‘The Eagle’ is a smartly-acted movie about the balance of power between master and slave
By Eleanor Ringel Cater
As Peter Graves so famously said in “Airplane!”: “Joey, do you like movies about gladiators?”
My name isn’t Joey and I’m not a 9-year-old boy, but I have ALWAYS loved movies about gladiators. Maybe it was seeing “Spartacus” at an impressionable age. Maybe it was Steve Reeves and those badly-dubbed Hercules movies.
At any rate, strictly speaking, “The Eagle” isn’t a gladiator movie. There’s just one scene in the arena, but it’s an important one: a Roman nobleman Marcus (Channing Tatum) saves the life of a slave, Esca (“Billy Elliott’s Jamie, Bell, all growed up) by giving him the thumbs up during a gladiatorial bout in which Bell refuses to defend himself against a hulking refugee from the World Wide Wrestling circuit.
Actually, Marcus isn’t all that noble according to his toga-ed peers. See, his father was the leader of famously doomed 9th Legion who marched into the netherworld of unincorporated Britain, ie., beyond Hadrian’s Wall, sometime around 120 AD (think, OTP circa 1940) and never returned.
As we witnessed in the pretty-good but little-seen “Centurion” (also known as “The Ninth”) last year, they were picked off one by one by the Picts and the Seal people and various other folk who paint themselves sorta like the pre-meltdown Mel Gibson in “Braveheart” and do things like rip the hearts of people while they’re still alive, sorta like the all-Mayan “Apocalypto,” directed by a mid-meltdown mel Gibson. It ended pretty brutally for the 9th in a kind of Custer’s Last Stand with swords and sandals.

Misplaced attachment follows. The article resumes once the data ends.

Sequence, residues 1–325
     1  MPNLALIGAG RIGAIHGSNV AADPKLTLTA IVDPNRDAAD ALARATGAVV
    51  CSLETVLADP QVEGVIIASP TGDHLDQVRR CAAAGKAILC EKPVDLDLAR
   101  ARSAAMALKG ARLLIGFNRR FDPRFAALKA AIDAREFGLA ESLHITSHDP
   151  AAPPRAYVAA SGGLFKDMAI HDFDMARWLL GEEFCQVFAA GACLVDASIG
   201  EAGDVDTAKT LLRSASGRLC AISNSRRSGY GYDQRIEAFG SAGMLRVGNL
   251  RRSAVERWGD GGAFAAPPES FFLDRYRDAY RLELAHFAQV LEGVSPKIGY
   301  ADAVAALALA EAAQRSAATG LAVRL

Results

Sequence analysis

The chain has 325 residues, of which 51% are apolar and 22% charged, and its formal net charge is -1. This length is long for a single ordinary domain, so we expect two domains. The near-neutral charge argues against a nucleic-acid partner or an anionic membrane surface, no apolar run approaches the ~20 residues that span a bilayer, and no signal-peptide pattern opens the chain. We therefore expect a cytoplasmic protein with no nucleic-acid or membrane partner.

Okay, so 20 years later, Marcus wants to avenge his father’s honor. To that end, he and his brand new slave …yes…Esca…head back up north to retrieve the legion’s lost standard, the Eagle of the title. That means marching up into uncharted Scotland, well-played by the Hungary and the Scottish highlands themselves.
If I’d seen this movie when I was about 11, it probably would’ve been one of my all-time favorites, like “Jason and the Argonauts.” Even so, at considerably older than 11, I thought it was gripping entertainment.
Based on Rosemary Sutcliff’s historical fiction The Eagle of the Ninth, the picture has been put together with care and justifiable brutality by Kevin McDonald, who knows his way around a very different “Scotland,” having directed Forrest Whitaker to a well-deserved Oscar as Idi Amin in “The Last King of Scotland.”
The ever-shifting balance of power between master and slave is smartly acted by the two leads and the story itself, simple as it is, exerts a power as old as cowboys and Indians I went out of a grudging sense of duty and was rewarded with a swell afternoon at the movies.
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